But we did use it for cladding the van doors and some interior walls too, not just the camper walls and ceiling.
We had read that this type of wood cladding was likely to have quite few broken pieces in the packs. But there were only a couple in ours and they were along the tongue or groove, which we cut off for the bottom and top of some sections so none of it was actually wasted.
Weight & Cost Saving Tip
Even though that seems like alot of cladding, we actually only cladded the parts of the van you can see. The campervan wall covering in the garage, behind the cupboards and behind the tiled kitchen walls is lined with 5mm plywood.
Which not only cuts down on weight and cost, but gives you a chance to use up any plywood offcuts too.
Van Build Tip: Drive around at regular stages of your van build to listen out for new squeaks and rattles. Far easier doing this as you go along, than troubleshooting at the end.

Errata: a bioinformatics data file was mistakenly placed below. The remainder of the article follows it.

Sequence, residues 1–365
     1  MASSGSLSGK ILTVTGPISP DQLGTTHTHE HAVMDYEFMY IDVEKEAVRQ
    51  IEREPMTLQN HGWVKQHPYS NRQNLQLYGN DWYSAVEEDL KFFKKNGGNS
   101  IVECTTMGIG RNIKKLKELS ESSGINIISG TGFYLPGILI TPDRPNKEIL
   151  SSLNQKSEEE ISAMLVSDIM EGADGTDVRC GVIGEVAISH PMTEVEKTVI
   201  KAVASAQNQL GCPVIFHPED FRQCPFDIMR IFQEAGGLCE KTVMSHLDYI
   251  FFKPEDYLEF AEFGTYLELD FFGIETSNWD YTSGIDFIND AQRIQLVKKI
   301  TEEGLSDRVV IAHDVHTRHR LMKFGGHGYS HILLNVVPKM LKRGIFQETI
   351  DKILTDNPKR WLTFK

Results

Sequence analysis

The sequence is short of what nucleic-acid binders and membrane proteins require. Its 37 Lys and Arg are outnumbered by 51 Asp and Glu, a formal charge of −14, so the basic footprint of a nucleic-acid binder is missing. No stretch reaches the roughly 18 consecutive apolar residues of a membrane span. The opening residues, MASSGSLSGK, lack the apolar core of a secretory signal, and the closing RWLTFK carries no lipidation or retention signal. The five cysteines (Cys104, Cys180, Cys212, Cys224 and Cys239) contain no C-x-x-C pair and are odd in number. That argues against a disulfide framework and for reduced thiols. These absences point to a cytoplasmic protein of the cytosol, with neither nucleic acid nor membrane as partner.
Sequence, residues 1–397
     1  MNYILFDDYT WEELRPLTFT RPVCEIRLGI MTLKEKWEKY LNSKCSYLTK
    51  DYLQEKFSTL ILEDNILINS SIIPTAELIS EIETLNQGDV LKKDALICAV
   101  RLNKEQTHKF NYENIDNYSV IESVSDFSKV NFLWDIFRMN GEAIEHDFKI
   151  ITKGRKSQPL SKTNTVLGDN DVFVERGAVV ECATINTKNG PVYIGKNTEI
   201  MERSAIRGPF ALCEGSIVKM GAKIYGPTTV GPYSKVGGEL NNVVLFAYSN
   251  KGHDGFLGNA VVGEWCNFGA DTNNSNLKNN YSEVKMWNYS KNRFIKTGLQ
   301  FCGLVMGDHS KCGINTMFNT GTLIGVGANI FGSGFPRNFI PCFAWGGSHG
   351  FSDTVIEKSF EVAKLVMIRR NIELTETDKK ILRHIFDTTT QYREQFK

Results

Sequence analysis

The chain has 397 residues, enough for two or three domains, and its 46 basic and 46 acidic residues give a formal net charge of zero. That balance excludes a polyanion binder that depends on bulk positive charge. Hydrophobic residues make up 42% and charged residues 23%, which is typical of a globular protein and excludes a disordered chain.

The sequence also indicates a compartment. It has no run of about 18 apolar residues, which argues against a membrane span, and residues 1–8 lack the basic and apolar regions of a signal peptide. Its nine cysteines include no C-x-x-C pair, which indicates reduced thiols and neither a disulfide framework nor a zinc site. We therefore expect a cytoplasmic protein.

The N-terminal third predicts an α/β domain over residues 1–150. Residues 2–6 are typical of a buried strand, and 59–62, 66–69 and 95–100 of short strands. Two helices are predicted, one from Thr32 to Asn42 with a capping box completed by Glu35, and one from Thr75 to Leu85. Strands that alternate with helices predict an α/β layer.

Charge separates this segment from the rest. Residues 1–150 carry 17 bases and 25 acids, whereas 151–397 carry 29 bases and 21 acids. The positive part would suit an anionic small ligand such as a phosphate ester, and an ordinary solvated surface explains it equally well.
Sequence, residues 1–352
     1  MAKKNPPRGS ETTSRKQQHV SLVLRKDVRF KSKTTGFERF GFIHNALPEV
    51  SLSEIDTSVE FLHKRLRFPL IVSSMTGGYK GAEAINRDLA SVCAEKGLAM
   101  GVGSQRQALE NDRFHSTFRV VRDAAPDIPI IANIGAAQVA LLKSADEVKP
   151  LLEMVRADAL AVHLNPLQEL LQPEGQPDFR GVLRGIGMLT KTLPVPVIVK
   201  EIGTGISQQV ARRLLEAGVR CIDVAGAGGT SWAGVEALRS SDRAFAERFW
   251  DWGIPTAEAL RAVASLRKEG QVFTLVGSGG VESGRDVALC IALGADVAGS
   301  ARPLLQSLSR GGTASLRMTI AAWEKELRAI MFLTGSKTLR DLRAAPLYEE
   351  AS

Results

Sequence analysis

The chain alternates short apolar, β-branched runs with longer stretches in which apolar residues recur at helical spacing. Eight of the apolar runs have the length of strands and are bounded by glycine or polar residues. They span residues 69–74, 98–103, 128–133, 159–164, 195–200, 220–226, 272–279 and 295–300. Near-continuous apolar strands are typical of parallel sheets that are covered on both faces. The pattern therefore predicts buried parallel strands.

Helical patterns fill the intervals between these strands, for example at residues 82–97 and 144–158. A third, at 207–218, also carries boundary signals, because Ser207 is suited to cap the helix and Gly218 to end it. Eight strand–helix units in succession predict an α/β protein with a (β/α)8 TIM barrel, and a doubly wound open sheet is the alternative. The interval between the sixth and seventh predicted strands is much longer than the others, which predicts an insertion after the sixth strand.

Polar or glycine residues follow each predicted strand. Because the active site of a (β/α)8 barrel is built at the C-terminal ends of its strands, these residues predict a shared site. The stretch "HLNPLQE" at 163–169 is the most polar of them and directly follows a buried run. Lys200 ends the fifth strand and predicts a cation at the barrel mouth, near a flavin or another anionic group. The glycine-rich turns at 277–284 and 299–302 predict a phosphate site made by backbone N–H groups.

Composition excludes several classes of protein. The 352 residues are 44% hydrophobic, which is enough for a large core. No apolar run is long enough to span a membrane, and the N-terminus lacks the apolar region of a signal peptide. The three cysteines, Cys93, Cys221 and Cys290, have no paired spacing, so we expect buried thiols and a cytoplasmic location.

Products & Tools
- Wooden battens (25 x 38mm)
- Wooden tongue & groove cladding
- 5mm plywood sheets
- Edging Strip
- Automotive 4 way stretch carpet
- High temperature spray adhesive
- Tigerseal Flexible Adhesive
- Ronseal Interior Satin Ash Varnish
- Colron Knotting Solution
- White Multi-surface Primer & undercoat
- Dulux Pure brilliant white Eggshell
- Self tapping screws
- Contour Tool
- Cladding clips
- Pin hammer
- Dimmable Bathroom LED Light
- Dimmable Black LED Spotlights
- Black LED Flexible Reading Lights
Watch how we installed our campervan ceiling cladding here:
Framing Out A Campervan
First of all you need to build a substructure in which to attach your campervan cladding too. This means lightweight, flexible wood spaced at regular intervals, screwed into the metal pillars of the van. Ours were around 50cm apart.